BW COMMENT: So, whenever you read in the New Testament something about the Spirit working in you, realize this passage could not have happened if it weren’t for Pentecost in Acts 2 (and that couldn’t have happened if it weren’t for the death, resurrection, and ascension of the Son of God).

Bavinck on Word-Act Revelation

“The case, after all, is not that revelation only contains certain facts whose interpretation it leaves to our own insights. Revelation, rather, itself casts a peculiar light on these facts; it has, so to speak, its own view and its own theory about those facts. In the revelation of Scripture, word and fact, prophecy and miracle, always go hand in hand. Both are needed so that the human mind as well as being itself are re-created and the entire cosmos is redeemed from sin. ‘The light needs the reality and the reality needs the light to produce… the beautiful creation of his grace. To apply the Kantian phraseology to a higher subject: without God’s acts the words would be empty, without his words the acts would be blind’ (Vos). Word and fact are so tightly interwoven in revelation that the one cannot be accepted or rejected without the other.” (Bavinck, RD1, 366)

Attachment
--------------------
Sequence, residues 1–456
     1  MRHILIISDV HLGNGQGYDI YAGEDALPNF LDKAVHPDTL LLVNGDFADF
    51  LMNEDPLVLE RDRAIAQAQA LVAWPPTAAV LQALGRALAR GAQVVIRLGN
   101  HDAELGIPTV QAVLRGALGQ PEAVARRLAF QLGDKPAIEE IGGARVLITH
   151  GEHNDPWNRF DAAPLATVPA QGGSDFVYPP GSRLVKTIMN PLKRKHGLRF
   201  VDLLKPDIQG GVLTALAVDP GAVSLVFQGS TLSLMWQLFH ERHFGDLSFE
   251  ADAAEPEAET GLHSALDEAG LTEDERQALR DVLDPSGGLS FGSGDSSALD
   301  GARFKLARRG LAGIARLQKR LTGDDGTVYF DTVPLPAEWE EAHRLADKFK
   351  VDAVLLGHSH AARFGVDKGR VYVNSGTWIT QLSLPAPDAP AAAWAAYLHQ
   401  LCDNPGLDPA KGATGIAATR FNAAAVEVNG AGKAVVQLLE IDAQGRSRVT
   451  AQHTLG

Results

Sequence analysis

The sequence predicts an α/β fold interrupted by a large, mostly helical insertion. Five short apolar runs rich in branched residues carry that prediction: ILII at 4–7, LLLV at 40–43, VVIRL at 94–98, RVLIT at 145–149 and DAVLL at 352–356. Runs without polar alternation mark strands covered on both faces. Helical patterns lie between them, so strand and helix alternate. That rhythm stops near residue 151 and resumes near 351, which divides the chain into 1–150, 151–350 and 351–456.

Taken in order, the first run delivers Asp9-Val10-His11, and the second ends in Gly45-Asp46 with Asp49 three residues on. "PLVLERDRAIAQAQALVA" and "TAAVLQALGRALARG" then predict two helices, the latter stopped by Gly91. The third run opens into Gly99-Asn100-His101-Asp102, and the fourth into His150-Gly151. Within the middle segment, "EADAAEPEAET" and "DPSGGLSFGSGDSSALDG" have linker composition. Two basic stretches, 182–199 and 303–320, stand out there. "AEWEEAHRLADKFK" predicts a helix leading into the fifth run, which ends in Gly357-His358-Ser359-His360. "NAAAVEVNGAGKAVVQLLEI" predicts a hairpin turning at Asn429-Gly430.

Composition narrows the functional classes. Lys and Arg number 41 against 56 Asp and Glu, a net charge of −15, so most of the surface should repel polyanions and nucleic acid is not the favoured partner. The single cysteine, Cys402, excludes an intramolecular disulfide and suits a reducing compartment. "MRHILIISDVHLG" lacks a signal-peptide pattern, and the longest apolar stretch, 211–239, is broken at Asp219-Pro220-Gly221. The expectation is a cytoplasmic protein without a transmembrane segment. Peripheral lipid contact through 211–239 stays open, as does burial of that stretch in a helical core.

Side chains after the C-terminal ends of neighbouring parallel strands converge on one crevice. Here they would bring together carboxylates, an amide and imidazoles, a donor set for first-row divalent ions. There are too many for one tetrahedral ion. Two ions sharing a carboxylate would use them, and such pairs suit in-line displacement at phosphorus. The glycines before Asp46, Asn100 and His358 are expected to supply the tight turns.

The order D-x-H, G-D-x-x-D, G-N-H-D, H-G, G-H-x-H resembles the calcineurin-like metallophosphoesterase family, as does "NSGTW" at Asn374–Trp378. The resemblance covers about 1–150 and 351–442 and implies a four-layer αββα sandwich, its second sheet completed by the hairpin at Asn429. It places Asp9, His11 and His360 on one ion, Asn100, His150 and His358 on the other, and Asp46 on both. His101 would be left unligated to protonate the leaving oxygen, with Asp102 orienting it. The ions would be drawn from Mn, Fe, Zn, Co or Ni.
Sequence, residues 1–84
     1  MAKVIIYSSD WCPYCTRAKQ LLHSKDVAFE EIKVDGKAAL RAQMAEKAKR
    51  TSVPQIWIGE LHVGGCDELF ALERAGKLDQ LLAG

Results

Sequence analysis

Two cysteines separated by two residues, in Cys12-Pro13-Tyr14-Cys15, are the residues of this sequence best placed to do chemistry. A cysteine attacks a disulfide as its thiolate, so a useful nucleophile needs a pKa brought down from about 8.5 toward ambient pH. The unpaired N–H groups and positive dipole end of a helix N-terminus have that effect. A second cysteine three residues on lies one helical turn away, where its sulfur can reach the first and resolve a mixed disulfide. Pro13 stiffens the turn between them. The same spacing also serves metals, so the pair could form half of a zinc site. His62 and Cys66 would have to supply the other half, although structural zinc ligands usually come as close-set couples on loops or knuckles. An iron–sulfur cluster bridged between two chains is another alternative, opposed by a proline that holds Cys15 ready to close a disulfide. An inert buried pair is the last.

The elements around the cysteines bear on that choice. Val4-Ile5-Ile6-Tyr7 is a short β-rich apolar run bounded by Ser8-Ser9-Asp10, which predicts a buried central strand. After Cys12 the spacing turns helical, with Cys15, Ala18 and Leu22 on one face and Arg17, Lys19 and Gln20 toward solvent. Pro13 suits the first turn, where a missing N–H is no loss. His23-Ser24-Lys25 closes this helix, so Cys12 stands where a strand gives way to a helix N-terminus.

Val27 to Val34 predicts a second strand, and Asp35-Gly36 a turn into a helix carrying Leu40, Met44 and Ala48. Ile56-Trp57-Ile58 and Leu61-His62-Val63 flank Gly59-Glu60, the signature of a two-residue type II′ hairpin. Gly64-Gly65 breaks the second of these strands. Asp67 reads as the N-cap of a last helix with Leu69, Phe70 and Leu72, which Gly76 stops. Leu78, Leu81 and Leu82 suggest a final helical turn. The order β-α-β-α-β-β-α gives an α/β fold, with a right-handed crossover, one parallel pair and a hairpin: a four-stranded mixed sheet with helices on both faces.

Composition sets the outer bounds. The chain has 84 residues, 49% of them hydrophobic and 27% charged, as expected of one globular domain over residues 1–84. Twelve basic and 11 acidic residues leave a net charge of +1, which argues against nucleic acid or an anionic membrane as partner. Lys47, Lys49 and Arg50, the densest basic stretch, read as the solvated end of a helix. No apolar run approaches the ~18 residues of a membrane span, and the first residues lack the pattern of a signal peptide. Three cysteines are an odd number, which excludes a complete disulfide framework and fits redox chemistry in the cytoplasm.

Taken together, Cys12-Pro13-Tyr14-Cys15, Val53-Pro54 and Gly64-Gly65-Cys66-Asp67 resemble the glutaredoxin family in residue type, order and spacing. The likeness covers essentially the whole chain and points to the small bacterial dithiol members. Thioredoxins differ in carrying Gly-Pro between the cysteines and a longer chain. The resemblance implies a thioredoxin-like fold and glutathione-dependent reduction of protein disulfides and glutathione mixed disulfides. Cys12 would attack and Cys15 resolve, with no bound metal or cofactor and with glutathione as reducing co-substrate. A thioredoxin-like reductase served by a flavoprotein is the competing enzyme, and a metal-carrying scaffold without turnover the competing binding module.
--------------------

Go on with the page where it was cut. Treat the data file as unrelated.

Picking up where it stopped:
NOTE: What Bavinck describes as ‘fact revelation’ is that revelation which comes as historical action or event (the exodus, miracles, theophanies, etc.). Thus, ‘word and fact’ revelation is another way of speaking of ‘word and act’ revelation. This passage in Bavinck also serves as evidence that the Reformed doctrine of revelation is not the propositional model of revelation (see here for more info). While propositions are a necessary component of revelation, they are not a sufficient description of revelation in the Bible.

Meredith Kline, Kingdom Prologue, Section A: Creational Covenant

In Section A, Kline focuses on Genesis 1-3. In the introductory part of Section A Kline makes an initial argument for “regarding the pre-Fall kingdom as a covenantal affair.” Though the word berith, is not used in Genesis 1-3, Kline argues that the “substance” of a covenant takes shape in these chapters (he also points out the later biblical evidence that may itself speak of a covenant of creation in Isa. 24:5 & Hos. 6:7).